“That… that’s the first time anyone’s EVER called me that…”
From Uncanny X-force #35 by Rick Remender.
It’s Sock in a dress!
I don’t know, go look at my kickstarter.
The last stretch of promoting this thing will be me running out of ideas and making terrible choices. FASTEN YOUR SEAT BELTS, TOMORROW I POST CHIBI-MAKER FILES.
Also hey if anyone uses Reddit, feel free to share there. I plan on doing that eventually but that’s like the one corner of the internet I don’t visit that might actually be interested.
GUYS DONAAATTEEEE PLEEEASSEEE WOOOO!!!! I’ma keep rebloggering this ‘till the end of time! ALSO I’LL DRAW YOU ANYTHING YOU WANT EVER!
Working on some new Adventure Time covers!
DAT LINEART! ugh. So jealous.
i think… i might have forgotten to set this up a while back…
WELL EXCUUUUUUUUUUUUUUUUUUUUUUUUUUUUUUUUUUUUUUUUUUUUUUUUSE ME PRINCESS.
Because it basically created me.
“Comics is a secret language all its own,” said Scott McCloud in Making Comics, the book that triggered my passion for the creation and appreciation of all visual media, “and mastering it poses challenges unlike any faced by prose writers, illustrators or any other creative professionals.” The virtues and defects of comics are entirely separate from any other medium – literature, poetry, stage, and even supposedly similar media like film and animation.
Before I stumbled across this book, I was the average consumer of media, subconsciously absorbing messages from everything and never consciously recognizing why they reached me so effectively, whether their efficiency was for better or for worse.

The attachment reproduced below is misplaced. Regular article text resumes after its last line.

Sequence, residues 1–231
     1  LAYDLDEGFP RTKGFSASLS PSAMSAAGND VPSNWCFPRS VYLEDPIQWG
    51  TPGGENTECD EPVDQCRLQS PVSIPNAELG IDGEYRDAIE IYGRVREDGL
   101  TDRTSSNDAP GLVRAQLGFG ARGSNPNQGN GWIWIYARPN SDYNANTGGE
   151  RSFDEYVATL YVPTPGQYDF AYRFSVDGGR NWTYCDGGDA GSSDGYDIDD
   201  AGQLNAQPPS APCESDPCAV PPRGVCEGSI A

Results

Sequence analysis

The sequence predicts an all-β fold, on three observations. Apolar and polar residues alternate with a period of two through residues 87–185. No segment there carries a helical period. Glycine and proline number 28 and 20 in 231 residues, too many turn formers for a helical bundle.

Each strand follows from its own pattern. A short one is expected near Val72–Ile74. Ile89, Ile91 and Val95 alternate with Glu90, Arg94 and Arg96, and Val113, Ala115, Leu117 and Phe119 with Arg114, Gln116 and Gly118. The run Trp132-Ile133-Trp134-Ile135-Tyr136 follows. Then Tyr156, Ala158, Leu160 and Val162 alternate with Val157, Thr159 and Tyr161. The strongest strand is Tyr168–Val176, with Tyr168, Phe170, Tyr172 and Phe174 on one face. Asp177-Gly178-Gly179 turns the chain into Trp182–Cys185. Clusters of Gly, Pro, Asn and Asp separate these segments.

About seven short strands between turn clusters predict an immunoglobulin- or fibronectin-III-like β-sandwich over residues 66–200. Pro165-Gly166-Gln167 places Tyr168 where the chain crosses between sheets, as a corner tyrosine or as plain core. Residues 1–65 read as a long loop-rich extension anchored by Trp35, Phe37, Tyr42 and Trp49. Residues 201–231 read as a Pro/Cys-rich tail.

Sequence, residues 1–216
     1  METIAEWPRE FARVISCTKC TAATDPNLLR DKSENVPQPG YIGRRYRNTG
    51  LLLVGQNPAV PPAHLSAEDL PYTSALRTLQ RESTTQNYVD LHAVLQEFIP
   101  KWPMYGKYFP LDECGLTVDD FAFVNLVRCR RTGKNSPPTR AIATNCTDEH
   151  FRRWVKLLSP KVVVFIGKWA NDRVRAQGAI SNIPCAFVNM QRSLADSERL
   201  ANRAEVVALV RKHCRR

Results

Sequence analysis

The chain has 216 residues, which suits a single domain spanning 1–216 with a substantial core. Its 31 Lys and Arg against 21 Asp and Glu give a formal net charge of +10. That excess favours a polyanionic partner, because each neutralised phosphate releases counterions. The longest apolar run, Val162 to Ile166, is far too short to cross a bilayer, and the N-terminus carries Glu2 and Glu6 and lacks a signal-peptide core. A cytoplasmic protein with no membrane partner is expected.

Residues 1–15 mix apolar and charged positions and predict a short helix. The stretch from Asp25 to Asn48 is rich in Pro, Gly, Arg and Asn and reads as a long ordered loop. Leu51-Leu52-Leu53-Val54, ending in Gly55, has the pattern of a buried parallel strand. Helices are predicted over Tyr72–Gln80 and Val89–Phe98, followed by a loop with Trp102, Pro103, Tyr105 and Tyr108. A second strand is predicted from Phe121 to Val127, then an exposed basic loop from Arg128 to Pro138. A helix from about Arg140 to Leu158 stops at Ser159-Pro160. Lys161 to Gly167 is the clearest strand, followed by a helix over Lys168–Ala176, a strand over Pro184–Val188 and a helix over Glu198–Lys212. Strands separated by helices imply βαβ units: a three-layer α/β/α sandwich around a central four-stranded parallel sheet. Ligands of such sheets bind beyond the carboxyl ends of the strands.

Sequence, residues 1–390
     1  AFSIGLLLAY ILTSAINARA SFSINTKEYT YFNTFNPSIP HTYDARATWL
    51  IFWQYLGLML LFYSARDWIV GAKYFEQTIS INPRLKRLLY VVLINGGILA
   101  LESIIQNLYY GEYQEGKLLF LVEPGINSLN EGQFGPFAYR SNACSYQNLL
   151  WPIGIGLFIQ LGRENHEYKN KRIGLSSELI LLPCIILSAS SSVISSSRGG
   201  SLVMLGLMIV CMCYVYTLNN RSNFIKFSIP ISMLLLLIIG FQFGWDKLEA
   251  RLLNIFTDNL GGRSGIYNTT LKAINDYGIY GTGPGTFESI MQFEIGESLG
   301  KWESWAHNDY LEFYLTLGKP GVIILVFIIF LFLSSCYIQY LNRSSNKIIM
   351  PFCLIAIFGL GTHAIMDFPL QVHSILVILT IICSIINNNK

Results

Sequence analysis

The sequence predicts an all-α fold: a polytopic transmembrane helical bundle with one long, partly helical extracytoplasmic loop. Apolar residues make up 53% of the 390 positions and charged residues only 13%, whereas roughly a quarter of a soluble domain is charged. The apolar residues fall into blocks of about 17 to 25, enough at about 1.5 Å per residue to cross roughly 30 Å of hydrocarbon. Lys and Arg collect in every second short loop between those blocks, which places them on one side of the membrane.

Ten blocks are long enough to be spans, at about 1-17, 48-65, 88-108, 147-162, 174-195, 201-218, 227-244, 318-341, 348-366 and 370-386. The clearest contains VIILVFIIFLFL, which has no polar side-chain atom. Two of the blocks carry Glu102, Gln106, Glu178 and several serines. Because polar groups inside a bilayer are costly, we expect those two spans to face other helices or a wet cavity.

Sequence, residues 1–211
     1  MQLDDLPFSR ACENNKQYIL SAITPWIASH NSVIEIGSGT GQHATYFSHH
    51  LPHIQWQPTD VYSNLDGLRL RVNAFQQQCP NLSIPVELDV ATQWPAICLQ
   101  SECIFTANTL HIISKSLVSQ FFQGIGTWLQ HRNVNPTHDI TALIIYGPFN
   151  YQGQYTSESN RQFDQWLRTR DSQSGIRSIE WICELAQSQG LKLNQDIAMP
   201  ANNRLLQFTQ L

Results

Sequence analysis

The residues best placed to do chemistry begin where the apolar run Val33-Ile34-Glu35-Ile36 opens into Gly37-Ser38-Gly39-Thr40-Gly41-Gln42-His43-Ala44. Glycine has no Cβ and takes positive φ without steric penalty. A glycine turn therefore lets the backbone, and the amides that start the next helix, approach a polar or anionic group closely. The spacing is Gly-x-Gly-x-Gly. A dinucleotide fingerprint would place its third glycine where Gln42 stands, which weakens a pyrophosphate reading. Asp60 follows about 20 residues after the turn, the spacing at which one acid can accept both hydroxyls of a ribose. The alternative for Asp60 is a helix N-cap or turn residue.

Where other “how-to” books on the subject of comics only skim the medium’s potential, Making Comics by Scott McCloud invites the audience to ponder the very nature of communication. Rather than stiffly instructing, it helps to shape creators’ perspectives on what, how, and why they want to communicate.
Making Comics was the catalyst that set most of my present being in motion. It taught me to inspect, to question, and to argue with myself and those around me. This newfound awareness not only tripled my interest in the arts, it also opened my eyes to other issues that are now hugely significant in my life.
To paraphrase my older sister’s rare but immensely touching expressions of pride in my personal growth, I have become increasingly conscious of how what I say and do affects other people. I have this book to thank for the passion I have discovered for Judaism and social justice. These issues further motivate me as an artist. I hope to more fairly represent marginalized groups in stories that might normally exclude them. I hope to achieve higher understanding, be it of something as contested as biblical texts, something as vast as the world at large, or something as small as myself.
I’m rambling but……
I have this book to thank for so much. And you should really read it.
Sorry tumblrs, I didn’t know you couldn’t reblog questions, and also it’s probably mean of me, exposing that girl’s question like that. So here’s the whole blog post in reblogging format.
Long story short, someone (politely) inquired if I would do character design for…